The 700 block of Wilmington's Dawson Street isn't typically a hotspot for celebrity sightings.
On Wednesday morning, however, passers-by with a keen eye for stars of 1970s and '80s TV would've seen one Erik Estrada − best-known for playing California Highway Patrol Officer Frank "Ponch" Poncherello from 1977 to 1983 on the NBC cops show "CHiPs" − hanging out and shooting the breeze while he waited to film scenes for a religious- and community-themed home improvement show called "Divine Renovations."
Flashing that famous, high-wattage smile behind aviator sunglasses and wearing all white, along with some sweet gray lace-ups, Estrada was also rocking a red suede vest monogrammed with his initials, EE.
"That's in case I get lost," the gregarious Estrada joked to all within earshot, a group that included Wilmington Mayor Bill Saffo. Estrada then gave a shout-out to iconic Wilmington restaurant Winnie's on Burnett Boulevard, which satisfied his craving for a cheeseburger the first night he was in town.
"I came out to welcome him to Wilmington, thank him for doing this outreach into the community," Saffo said, before adding, "I wear aviator sunglasses because of this guy."
Estrada and Saffo were standing in front of the home of Arleashoan Davis and her son, 15-year-old Hoggard High School student Stacshawn, who had just woken up a few minutes before a film crew arrived.
"It's a blessing to get help with the house," Davis said.
Monty Hobbs of Heartlight Entertainment, along with Valerie Smaldone and Matthieu Chazareix, is a producer of "Divine Renovations."
As workers from the VineDresser landscaping service worked on the Davis' yard and volunteers painted their porch, Hobbs, a longtime worker in Wilmington's film industry, walked through a weedy backyard where a time-lapse camera was set up. He showed where new patio furniture and a basketball goal would go. Volunteers also planned on pressure-washing the house and doing other improvements.
"Divine Renovations" is shooting segments with Estrada and various Wilmington-area families in need at locations including Life Church, St. James AME Church and Living Water Ministries in Wilmington.
Hobbs said the show identified Davis, who has been homeless in the past, through Wilmington groups Family Promise of the Lower Cape Fear, which assists families that have struggled with homelessness, and Catholic Charities.
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Anne Best with Family Promise, which owns the home the Davises are living in, was on the "Divine Improvements" set Wednesday, as was Vickie Sasser with Catholic Charities.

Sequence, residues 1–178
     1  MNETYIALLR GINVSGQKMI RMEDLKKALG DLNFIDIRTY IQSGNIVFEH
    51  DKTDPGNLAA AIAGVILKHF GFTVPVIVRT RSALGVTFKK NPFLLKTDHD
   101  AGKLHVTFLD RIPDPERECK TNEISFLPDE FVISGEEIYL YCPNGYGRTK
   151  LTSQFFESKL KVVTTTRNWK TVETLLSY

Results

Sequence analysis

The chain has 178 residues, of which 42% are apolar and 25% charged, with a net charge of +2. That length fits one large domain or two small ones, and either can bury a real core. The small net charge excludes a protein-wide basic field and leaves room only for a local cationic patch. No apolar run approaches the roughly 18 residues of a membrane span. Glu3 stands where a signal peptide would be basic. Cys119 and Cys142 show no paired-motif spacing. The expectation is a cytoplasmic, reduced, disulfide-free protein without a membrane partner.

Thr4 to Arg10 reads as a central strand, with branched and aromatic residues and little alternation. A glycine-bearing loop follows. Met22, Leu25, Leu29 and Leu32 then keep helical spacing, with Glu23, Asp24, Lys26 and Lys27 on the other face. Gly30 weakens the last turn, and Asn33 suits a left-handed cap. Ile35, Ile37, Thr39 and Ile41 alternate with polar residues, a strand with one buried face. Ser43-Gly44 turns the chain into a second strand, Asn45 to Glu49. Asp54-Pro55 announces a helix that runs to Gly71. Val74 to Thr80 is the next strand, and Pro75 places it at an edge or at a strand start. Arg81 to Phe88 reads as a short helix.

"This is the good stuff" the group gets to do, Sasser said, standing next to a beaming Davis in her small but neat living room, which is decorated with pictures and religious paraphernalia.
Producer Hobbs said he met Estrada at a convention several years ago and they've discussed working together for some time. Now that Estrada's in Wilmington, shooting will be done by early October, even with losing a day or two of work to Hurricane Ian.
"We've been talking about it for months," Estrada said.
As the actor stood on the sidewalk outside the Davises' home, he began talking about his childhood growing up in New York City's heavily Puerto Rican East Harlem community. Estrada said his father became addicted to drugs, so his mother kicked his dad out when Estrada was just 4. The first man his mom started dating after she split from his father was a cop, and that became Estrada's dream job.
"I remember his badge," Estrada said. "It was gold."
Before he got a chance to become a police officer, however, "I got bit by the (acting) bug."
After appearing on such iconic '70s shows as "Hawaii Five-O," "Emergency!," "Mannix," "Kojak," "Police Woman," "Barnaby Jones," "Baretta" and "The Six Million Dollar Man," he finally landed his dream job, in a way, playing a cop on "CHiPs" and earning a Golden Globe nomination for his work. (Despite a very long list of credits, "Divine Renovations" is the first thing he's shot in Wilmington.)
"I was chasing the money," Estrada said, but he was able to get his mom out of Harlem.
Standing on Dawson Street, Estrada said he saw some commonalities with his situation growing up with a single mom and that of the Davises.
"I was just like these folks here today," he said.
And while he often gets work on such contemporary shows as "Cobra Kai" and the animated "Adventure Time with Finn and Jake," he said he prefers to work on projects that offer some sort of social benefit.
"It's got to do something," he said. "I owe it" to people to give back. "I feel blessed and lucky."
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"Divine Renovations" producer Chazareix, who is from France, said the whole point of "Divine Renovations" is "giving back to society" and "spread(ing) a message of love."
The idea is for the show to air on a religious or faith-based network sometime next year, but where it might wind up isn't known yet.
"We need to finish the edits and then we'll see," Chazareix said, adding that he feels good about the show's future because "we've got some star power."
Asked whether he's a religious or a spiritual person, Estrada said, "There's somebody up there higher than me, bigger than me, stronger than me."
We all have "God in ourselves," he added, "because we were made in His likeness."
While Estrada was waiting for shooting to begin, Wilmington Police Chief Donny Williams walked up and began to talking to the actor. Usually, Williams is stone-faced and very serious. But as the chief talked with Estrada, the chief's face lit up and he began smiling like a little kid.
Contact John Staton at 910-343-2343 or John.Staton@StarNewsOnline.com.
This article originally appeared on Wilmington StarNews: Erik Estrada in Wilmington NC shooting Divine Renovations TV show